Martin joins call to cut alcohol links to sport
Published 30/09/2013 | 05:00
THE Archbishop of Dublin has warned that Ireland's pervasive culture of drink must be "confronted and challenged", as he called on sporting bodies to seek alternative sources of sponsorship to the drinks industry.
Diarmuid Martin was speaking after a Mass to close a two-day international conference on addiction hosted by the Pioneer Total Abstinence Association.
The Catholic prelate urged Irish society to address "the commercialisation of drink" and even the way "people talk about drinking – almost as if to normalise it".
He urged the Government to do more to support addiction treatment programmes which he described as "vital" but he said society in general needed to be much more involved too.
It came as the first letter from Pope Francis to an Irish-based organisation arrived in time for the Pioneer's conference at All Hallow's College in Dublin.
In it the Pontiff congratulated the Pioneers on their 115 years, "through which countless people have been assisted in living full lives without dependence on alcohol or drugs".
Meanwhile, Fr Peter McVerry told the 200 delegates that of the €3m needed to run his three addiction treatment programmes, only €190,000 was grant aided from the State. The rest had to be fundraised.
"I think that reflects the low priority that drug issues have in our society and with the Government," he said.
"We have probably 20,000 heroin users in Ireland today and we have just 28 beds in detox treatment programmes – that is a disgrace," Fr McVerry said.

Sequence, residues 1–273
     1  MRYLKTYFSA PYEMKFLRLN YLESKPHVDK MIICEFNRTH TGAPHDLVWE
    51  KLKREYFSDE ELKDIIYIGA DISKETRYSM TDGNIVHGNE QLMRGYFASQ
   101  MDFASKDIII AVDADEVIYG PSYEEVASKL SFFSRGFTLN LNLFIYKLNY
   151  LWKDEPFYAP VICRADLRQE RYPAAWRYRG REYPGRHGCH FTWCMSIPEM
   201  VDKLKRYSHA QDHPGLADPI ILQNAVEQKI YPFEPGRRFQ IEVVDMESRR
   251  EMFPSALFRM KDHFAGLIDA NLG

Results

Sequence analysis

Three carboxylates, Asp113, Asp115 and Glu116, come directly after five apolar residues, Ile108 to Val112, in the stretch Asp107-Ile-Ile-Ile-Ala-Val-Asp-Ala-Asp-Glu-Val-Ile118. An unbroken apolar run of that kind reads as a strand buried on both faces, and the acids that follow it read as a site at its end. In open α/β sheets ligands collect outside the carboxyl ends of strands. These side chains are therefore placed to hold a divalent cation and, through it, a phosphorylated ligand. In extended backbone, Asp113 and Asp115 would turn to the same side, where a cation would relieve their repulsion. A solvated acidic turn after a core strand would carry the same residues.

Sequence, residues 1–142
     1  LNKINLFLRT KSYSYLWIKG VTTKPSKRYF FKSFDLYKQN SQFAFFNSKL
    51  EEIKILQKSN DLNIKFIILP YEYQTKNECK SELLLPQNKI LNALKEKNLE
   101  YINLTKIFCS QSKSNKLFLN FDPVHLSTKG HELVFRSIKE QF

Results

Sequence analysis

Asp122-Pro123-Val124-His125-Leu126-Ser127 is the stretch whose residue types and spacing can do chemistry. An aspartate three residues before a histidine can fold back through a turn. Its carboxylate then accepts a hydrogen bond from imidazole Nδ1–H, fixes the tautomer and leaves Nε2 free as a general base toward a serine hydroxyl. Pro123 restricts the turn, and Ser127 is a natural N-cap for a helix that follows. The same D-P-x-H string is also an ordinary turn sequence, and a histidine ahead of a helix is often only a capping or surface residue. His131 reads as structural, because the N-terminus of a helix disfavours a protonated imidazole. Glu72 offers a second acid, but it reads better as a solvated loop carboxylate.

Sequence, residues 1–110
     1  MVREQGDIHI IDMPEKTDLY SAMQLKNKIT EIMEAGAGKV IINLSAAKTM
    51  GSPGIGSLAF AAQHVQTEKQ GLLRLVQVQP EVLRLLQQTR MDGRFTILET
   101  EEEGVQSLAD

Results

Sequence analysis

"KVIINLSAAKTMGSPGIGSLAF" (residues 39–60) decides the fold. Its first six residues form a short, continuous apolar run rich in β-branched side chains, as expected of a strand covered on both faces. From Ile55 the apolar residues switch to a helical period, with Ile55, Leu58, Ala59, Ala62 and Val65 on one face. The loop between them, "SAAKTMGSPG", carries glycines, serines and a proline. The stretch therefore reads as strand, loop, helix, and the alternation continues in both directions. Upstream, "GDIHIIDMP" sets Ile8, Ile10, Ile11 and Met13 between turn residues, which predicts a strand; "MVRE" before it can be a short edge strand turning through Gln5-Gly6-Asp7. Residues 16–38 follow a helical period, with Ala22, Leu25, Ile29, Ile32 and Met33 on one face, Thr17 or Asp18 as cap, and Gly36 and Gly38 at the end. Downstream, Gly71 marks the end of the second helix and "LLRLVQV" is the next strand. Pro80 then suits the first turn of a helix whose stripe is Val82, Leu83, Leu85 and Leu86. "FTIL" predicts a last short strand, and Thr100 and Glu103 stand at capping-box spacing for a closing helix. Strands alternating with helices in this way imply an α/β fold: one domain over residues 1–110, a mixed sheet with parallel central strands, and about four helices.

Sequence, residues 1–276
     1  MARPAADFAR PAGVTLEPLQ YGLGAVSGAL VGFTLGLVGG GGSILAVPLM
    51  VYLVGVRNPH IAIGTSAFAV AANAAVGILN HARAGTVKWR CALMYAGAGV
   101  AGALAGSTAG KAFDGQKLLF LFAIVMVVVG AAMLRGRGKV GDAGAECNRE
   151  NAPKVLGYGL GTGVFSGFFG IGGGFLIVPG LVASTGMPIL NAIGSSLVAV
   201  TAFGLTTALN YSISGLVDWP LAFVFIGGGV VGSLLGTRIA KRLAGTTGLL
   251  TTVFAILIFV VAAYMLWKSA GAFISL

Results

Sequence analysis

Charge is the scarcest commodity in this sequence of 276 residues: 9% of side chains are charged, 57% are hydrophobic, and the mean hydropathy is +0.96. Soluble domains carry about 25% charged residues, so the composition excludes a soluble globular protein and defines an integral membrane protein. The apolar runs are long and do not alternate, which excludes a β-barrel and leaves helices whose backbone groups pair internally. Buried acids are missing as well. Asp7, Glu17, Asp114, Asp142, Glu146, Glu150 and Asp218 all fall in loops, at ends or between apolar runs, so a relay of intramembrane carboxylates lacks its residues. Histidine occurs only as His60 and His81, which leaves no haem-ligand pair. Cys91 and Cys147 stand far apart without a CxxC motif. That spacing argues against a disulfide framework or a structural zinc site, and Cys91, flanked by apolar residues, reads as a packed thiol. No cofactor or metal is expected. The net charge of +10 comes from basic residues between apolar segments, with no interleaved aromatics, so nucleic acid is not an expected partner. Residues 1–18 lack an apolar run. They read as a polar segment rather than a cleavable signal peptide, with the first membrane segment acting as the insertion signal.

Archbishop Martin meanwhile has also defended the Mater Hospital's pro life record saying it had been 'scrupulous' in trying to defend both the life of mother and the unborn child.
The Archbishop was also asked about the decision by the Mater, a Catholic Voluntary Hospital, to comply with the terms of the Protection of Life During Pregnancy Act.
He said that though he was president of the hospital he had no powers in the governance of the hospital. And he paid tribute to the Mater hospital's "great tradition of caring for very difficult pregnancies and doing it well within the ethos of the hospital over years".
"There have been extremely complicated (pregnancies) and I know that they are scrupulous in the policy of trying to defend both the life of the mother and the unborn child. I hope that that continues," he said.
He said he would be seeking further clarifications on the exact meaning of the hospital's statement last week.